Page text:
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Gems from the Stacks (November 1999)

Writer Nancy Hale (1908-1988) donated her own papers and those of her family to the Sophia Smith Collection beginning in 1960. The following exchange is from Hale's correspondence with William Maxwell, her good friend and editor at the New Yorker which published many of Hale's stories from the 1930s through the 1960s. These excerpts are about her story "Georgetown Nights" which appeared in the New Yorker on September 19, 1942. Gus Lobrano was an editor at New Yorker and Harold Ober was Hale's literary agent.

--Maida Goodwin


Nancy Hale, 1930s. Photographer unknown.

W.M. to N.H.
....The negro story is wonderful, and has Mr. L[obrano] caught in a very fancy dilemma from whch he ought to extract himself by the end of the week. Didn't you know it was good?...

N.H. to W.M.
No, I didn't know that (Georgetown) was a good story and furthermore I don't yet. WHY did you like it? It gives me a funny startled feeling as if I were all backwards. You--although you are probably quite different from what you have come to represent to me on pieces of yellow paper--are a kind of artistic conscience to me and I would have said, I guess I did think, that you would have disliked that story or at least thought it the things I thought it, bald, unlighted. I rewrote it and saw it was the best I could do with the episode and the general belief that there are good and bad people and that's all--not black and white or hook-nosed or whatever. But I certainly was surprised....

W.M. to N.H.
Lobrano and I edited the Georgetown story last Friday afternoon. I was starting for the five-forty-five and put my head in the door and saw by his face that he was in trouble, so we went at it. Both of us enjoy editing together. It's like playing duets. We only do it when there is something complicated and first rate, and usually we end in a rapture of satisfaction with the writer, ourselves, and life in general. You produce the most overwhelming affect when read sentence by sentence. That panic beginning "She shut the door on the night" is something. I've decided that you're the greatest living writer, or would be, if you only had a little more sense.

But why did you stop at the top of the last page? The idea was there and carried the piece to its proper conclusion, but the writing was dead and hell and all to edit. It isn't as if you couldn't take the final jump high, wide, and handsome. I've seen you do it too many times. Actually, it's as if the phone rang, and you had to come back after fifteen minutes, and do the ending calmly, in cold blood. Did it?...

N.H. to W.M.
....Why am I not sensible? I'm awefully stupid but that generally passes as sensibleness. How am I not sensible? PLEASE REPLY PROMPTLY....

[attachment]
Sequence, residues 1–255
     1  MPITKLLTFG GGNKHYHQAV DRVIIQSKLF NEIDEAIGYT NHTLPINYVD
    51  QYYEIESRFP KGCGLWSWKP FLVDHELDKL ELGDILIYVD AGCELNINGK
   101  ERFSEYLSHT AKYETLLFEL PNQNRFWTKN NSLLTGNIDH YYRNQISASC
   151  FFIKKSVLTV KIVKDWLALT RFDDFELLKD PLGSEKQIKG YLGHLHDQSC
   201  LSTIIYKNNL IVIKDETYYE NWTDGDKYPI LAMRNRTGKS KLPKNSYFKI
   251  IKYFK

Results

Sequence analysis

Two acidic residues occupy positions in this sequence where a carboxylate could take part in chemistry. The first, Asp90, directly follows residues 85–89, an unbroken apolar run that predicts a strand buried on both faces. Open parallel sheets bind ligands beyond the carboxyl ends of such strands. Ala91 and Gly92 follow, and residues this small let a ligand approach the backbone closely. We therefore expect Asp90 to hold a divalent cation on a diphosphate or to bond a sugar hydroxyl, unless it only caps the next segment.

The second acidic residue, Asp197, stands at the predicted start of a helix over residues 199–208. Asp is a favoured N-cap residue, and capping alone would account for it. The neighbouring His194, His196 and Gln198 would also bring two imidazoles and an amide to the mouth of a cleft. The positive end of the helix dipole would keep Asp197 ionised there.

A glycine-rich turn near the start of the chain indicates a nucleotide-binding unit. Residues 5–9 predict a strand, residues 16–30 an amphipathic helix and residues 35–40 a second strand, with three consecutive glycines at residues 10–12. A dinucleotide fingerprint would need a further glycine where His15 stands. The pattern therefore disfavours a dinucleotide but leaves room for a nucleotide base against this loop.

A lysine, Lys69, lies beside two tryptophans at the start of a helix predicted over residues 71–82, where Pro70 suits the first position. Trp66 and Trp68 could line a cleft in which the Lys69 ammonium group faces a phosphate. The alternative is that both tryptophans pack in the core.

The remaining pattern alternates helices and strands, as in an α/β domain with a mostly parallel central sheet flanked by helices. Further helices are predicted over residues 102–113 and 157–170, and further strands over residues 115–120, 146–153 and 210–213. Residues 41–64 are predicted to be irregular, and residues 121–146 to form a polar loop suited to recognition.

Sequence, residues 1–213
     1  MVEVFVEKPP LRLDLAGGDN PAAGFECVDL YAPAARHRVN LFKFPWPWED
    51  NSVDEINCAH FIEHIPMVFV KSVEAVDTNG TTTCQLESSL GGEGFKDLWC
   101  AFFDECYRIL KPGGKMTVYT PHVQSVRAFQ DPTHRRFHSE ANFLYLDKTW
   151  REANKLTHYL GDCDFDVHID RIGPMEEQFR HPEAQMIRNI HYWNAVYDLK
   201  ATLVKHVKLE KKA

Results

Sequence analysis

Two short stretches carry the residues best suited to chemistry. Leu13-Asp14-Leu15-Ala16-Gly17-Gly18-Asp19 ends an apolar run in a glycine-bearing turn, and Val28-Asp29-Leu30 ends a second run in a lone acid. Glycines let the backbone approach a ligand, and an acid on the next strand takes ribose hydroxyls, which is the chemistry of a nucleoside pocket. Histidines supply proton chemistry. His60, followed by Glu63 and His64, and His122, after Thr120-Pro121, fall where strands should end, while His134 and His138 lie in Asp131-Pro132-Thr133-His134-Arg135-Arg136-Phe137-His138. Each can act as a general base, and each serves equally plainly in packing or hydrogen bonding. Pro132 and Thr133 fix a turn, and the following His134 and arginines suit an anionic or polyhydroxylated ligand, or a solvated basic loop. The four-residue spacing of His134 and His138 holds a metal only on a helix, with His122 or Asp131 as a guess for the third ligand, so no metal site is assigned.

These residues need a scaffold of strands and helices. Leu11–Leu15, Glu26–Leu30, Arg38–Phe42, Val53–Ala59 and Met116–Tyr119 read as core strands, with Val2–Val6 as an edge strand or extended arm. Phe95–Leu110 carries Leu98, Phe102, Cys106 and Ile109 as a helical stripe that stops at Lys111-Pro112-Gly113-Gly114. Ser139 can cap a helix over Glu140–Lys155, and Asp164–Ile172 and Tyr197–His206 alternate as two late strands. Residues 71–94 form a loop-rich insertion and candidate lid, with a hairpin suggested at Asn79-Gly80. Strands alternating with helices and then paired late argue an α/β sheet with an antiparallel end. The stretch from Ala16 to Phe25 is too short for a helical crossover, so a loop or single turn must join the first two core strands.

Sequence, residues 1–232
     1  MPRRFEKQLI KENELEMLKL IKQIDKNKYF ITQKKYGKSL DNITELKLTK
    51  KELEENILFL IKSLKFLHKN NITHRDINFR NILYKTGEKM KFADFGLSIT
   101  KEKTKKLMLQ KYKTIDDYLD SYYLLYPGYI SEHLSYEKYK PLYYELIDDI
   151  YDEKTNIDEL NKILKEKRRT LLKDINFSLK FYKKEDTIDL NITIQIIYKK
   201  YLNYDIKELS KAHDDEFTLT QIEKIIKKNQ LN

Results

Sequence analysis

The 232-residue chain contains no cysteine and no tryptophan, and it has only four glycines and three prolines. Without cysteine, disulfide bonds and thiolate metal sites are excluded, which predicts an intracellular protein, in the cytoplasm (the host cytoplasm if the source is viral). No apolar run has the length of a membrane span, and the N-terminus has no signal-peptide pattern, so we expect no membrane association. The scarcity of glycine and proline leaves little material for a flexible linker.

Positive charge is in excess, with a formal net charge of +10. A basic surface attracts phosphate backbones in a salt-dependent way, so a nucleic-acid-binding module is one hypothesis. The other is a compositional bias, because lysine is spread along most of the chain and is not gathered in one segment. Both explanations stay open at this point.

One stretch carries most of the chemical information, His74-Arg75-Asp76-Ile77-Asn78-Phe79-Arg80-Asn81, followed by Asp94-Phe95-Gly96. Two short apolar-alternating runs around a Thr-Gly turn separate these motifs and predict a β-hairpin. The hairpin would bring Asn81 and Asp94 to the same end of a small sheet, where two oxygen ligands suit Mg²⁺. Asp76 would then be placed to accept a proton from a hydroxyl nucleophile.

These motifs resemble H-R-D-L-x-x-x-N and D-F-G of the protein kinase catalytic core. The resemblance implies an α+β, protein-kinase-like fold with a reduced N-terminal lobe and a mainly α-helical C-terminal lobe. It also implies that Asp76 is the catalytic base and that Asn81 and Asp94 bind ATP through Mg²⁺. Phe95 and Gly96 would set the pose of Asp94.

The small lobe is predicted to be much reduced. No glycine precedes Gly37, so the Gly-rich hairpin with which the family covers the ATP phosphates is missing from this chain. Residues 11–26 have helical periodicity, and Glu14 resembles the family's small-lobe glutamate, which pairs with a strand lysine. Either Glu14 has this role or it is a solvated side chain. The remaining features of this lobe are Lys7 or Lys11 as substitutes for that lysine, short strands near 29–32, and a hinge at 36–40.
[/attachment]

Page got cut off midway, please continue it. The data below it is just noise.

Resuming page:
W.M. to N.H.
...I should be caught dead telling you why you aren't sensible when it makes a fine and useful club to hold over your unknowing head. But if you should ever sometime catch yourself repeating something Ober has said, for example, about your work, and wondering whether just because he's somebody who isn't you that he might just possibly be right--then at that moment you'll know, if you should also happen to remember, what I mean when I say you aren't sensible. It's metaphysical, and has something to do with the soul's completeness....

N.H. to W.M.
I'm sending the proof back and I rewrote the last page, but I don't know if it's any better. Not a lot different. I attended to the queries....

I STILL don't see why you like the story any. I thought maybe it would seem better when I read proof. But I think it's bare and uninteresting. Sort of a dull little story about dull little people. There's nothing galumptious about any of it....

Do you mean by my not being sensible that I ought to be more self-assured?

W.M. to N.H.
...Part of the rewrite of the last pg helped, part didn't. But you were right not to strain it....

But I see now I am going to rue the day I said you weren't sensible. Can we change it? Can I say you have a hair lip? More self-assured as an artist, and because you are an artist. Being self-assured as a person depends on the attitude of friends, husbands, children, neighbors, the mail-man, the cleaning woman, the whole social conspiracy. It's possible, or should be, to feel unloved, unwanted, unbeautiful, and uneasy, at the same time as you know you're the lamb of God. As indeed you are Miss Nancy Hale. Nobody can do what you can....


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 © 2005 Sophia Smith Collection, Smith College, Northampton, MA 01063 Page last updated on Wednesday, 11 December 2013